Until the BBC has comprehensively convinced outsiders that young people are well worth targeting despite often having radically different tastes compared to later in life, then the argument for retaining BBC Three suddenly becomes a fair bit weaker, not to mention the fact that young people also continue to seek out programming on mainstream channels.

All things considered, the closure of BBC Three could actually be a popular move with the general viewing public regardless of its actual merits, which means that closing BBC Three cannot really be an ultimate intention given any supposed desire to sidestep the public value test process for service closure.

(BBC Three could theoretically fail a public value test fairly easily as it stands, meaning that its closure would be relatively easy to achieve and might ultimately embarrass the BBC even further…perhaps another reason to scrap the PVT? Maybe not.)

We can also assume that the CBeebies channel is sacrosanct territory unless arguments for restricting the amount of television that very young children should watch happen to gain the upper hand, and similar arguments to BBC Three could also apply to the CBBC Channel.

Then there’s the BBC News Channel, which (a) can’t broadcast in high definition for the foreseeable future (unlike Sky News), and (b) is a significant drain on resources, but unless the audience for Sky News drops below a certain level it’s probable that the BBC will want to retain a news channel in the short term purely for competitive reasons.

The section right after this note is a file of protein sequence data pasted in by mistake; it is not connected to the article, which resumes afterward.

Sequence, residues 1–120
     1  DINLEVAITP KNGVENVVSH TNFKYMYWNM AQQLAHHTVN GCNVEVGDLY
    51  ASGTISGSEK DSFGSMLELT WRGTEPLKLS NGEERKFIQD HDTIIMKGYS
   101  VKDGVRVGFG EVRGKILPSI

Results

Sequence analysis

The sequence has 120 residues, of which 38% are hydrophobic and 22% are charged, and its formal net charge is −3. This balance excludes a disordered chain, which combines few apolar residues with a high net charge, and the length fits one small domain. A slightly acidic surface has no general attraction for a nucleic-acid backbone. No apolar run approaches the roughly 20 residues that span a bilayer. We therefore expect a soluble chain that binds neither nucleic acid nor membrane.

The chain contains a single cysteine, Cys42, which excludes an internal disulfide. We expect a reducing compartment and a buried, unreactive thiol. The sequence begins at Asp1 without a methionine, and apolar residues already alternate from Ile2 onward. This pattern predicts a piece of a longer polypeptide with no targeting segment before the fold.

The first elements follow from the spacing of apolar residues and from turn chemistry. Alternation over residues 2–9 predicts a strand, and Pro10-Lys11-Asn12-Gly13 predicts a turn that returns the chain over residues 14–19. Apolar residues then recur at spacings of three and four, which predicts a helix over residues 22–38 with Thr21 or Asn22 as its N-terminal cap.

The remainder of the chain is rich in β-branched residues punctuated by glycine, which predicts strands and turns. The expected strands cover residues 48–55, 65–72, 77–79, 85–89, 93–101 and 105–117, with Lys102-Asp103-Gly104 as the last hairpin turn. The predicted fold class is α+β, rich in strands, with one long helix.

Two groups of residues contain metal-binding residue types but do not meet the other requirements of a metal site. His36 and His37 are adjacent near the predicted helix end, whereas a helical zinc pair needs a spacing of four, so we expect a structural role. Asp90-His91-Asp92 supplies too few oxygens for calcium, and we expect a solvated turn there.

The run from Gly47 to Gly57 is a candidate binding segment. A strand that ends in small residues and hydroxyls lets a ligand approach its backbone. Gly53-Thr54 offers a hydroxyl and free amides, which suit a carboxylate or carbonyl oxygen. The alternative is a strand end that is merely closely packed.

We know how important the concept of marketing is to BBC management, judging from the botched radio station closure proposals and the Radio 4 Extra rebrand, therefore it’s still safe to assume that marketing is a factor that still weighs more heavily than it ordinarily should for a public service broadcaster.

Ultimately the whole concept of rolling news channels could be abolished in favour of increased online news provision – and the BBC is well placed to lead the way with such a move – but it may not feel that the time is (yet) right to make such a radical change, which could still happen in the next few years if not imminently.

Which leaves us with BBC Four; a channel which is currently earmarked for conversion into a money-saving Sky Arts clone but ultimately all those “intelligent viewers” would be able to find the same or similar content on BBC Two instead, gaining perhaps paradoxically a much greater overall audience in the process.

So there you have it: BBC Four is the most likely channel to be abolished as a cost-saving measure, but the wisdom of doing such a thing will also go hand in hand with the future of BBC Two.

Of course I could be completely wrong with all this rampant speculation and guesswork, but as it stands I cannot think of any alternative strategies that continue to follow the pattern laid down by recent rumours and deliberate ‘leaks’.

A member of the Transdiffusion Broadcasting System
Liverpool, Saturday 22 June 2024